Happy 40th birthday!
After you’ve celebrated this milestone with your friends and family, taken some time to reflect on your four decades of life and treated yourself to some “me time,” it’s time to schedule your first annual screening mammogram.
For many women, this “to-do” list item may cause anxiety—Will it hurt? What if something abnormal is detected? How will I even make time for the appointment?
To answer those questions, we asked Cathy Palmieri, RT (M), who has worked for 24 years as a mammography technologist at the Sagoff Breast Imaging and Diagnostic Centre at Brigham and Women’s Faulkner Hospital. She helps up to 60 women through the mammogram process each week.
“It’s easy!” she says.
“When a first-timer comes in, all of the technologists here at the Sagoff Centre make it a point to spend a little extra time explaining the process,” says Palmieri. “We know most of you are nervous so we do everything we can to put you at ease.”
So What Can I Expect During My First Mammogram?
Palmieri says there are four things women should know ahead of their first mammogram.
The appointment only takes 20 to 30 minutes—Everyone is so busy these days. Most women will take time off of work to bring their children or elderly parents to doctor’s appointments, but when it’s their turn, they just can’t seem to find the time in their schedule. There is no excuse when it comes to a mammogram. The average screening mammogram takes just 20 to 30 minutes and we even offer evening hours for convenience.
The exam itself is not that bad—A lot of women feel self-conscious about being exposed or worried that it will hurt. We do everything we can to make you as comfortable as possible from the time you walk through the door to the time you leave. Coming prepared helps. We ask women to avoid wearing dresses or other one-piece outfits. That way, when you arrive, you can easily remove your top and change into a specially designed (though not very fashionable) mammogram gown. The garment allows the technologist to expose one breast at a time so that you are never fully exposed during the exam. For most women, the compression needed to get a quality image of your breast may be slightly uncomfortable. However, for some patients with more sensitive breasts, it can be painful. We will suggest breathing and positioning techniques to make it as painless as possible and ensure we get a good quality image as fast as possible.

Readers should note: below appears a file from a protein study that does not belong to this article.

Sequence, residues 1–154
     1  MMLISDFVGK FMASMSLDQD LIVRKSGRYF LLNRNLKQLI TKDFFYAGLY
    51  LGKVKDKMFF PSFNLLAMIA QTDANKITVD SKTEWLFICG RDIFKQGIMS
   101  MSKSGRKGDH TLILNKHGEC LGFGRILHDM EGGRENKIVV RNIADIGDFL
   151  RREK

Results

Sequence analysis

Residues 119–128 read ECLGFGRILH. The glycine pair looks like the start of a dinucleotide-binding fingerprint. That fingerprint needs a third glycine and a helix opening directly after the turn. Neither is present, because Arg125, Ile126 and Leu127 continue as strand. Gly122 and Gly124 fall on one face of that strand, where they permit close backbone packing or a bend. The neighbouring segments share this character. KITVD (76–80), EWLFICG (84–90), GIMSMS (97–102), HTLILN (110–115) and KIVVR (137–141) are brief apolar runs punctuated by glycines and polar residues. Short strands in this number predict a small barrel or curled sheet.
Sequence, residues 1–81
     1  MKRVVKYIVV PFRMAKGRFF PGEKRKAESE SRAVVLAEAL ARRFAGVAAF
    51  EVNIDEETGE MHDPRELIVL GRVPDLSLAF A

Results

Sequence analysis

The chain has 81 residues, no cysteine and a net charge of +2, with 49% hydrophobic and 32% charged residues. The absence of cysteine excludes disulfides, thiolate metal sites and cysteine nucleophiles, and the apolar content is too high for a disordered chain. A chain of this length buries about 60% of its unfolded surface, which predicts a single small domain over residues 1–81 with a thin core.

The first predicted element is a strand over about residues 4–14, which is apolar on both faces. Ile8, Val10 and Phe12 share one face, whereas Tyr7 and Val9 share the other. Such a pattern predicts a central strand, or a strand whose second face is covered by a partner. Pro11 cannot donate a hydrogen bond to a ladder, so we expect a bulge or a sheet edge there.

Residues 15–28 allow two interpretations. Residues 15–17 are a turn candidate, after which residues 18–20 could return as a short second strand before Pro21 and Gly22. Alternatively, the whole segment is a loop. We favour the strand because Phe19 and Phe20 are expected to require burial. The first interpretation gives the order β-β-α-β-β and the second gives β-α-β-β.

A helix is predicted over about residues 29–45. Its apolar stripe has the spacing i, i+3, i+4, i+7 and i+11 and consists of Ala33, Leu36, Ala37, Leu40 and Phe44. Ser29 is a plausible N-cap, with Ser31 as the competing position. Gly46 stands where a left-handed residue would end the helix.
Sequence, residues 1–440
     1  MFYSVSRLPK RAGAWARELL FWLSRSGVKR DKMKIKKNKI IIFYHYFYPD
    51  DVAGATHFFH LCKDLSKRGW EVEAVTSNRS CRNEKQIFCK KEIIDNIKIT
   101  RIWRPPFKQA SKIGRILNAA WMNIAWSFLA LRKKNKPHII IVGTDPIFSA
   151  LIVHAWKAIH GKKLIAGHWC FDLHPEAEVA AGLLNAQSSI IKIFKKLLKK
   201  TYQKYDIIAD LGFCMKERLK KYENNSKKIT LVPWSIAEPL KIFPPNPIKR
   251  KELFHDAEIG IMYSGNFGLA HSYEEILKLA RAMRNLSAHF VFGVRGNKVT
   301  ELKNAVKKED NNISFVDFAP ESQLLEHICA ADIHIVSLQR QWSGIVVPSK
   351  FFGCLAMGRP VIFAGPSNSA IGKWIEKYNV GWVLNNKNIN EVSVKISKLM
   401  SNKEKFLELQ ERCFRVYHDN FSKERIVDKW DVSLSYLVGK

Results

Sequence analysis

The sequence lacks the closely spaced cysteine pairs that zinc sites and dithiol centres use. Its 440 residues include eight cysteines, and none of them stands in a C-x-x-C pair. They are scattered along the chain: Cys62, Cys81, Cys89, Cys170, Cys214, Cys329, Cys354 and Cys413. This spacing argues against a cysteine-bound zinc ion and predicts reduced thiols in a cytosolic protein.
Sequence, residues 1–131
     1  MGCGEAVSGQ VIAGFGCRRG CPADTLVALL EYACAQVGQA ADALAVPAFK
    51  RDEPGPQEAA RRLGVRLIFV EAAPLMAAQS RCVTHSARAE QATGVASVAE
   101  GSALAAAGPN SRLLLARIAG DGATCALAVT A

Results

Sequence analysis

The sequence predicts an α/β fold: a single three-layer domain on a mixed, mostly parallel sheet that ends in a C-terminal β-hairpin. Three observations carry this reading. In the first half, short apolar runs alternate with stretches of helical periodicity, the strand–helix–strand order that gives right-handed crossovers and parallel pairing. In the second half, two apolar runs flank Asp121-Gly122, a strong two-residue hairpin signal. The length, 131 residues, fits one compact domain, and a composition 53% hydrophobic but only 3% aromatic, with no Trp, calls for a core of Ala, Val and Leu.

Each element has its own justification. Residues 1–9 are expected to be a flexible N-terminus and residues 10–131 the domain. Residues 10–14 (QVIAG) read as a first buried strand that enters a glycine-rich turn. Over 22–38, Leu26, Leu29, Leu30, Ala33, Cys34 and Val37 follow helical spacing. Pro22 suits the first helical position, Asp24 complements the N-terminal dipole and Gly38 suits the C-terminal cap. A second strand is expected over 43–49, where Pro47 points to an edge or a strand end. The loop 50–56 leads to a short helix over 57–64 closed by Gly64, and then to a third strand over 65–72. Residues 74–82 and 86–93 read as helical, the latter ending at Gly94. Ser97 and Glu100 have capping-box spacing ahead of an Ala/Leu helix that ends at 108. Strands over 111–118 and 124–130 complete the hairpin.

Your mammogram will be read by an expert in breast imaging—After your appointment with a technologist, the images of your breasts, captured by 3D mammography, will be sent to a Brigham and Women’s board-certified subspecialist radiologist who has dedicated their career to breast imaging. Our radiologists know exactly what to look for and can spot even the tiniest of abnormalities. You can have peace of mind knowing your exam is read by radiologists from Brigham Health. If something is seen, you will come back for a follow-up ultrasound and a treatment plan, if required, will begin.
After your first mammogram, you might be called back for more imaging. Don’t worry!—Your first mammogram sets the baseline for your breasts’ “normal.” Sometimes, the radiologist might call you back for a follow-up if they see something they do not normally see on other women’s mammograms. These spots are usually nothing to worry about. By the time you schedule your next mammogram a year later, the radiologist will know what your breasts normally look like based on your first set of images. In your second year and every year going forward, the radiologist will just be looking for changes.
While most women would rather spend 20 to 30 minutes doing something else, a yearly screening mammogram after age 40 is one of the best things you can do for yourself and your family.
Schedule yours today! Call 617-732-6248.
Looking for more news from BWFH? Go to News to find articles about health, updates to our programs and services and stories about staff and patients.
Go to News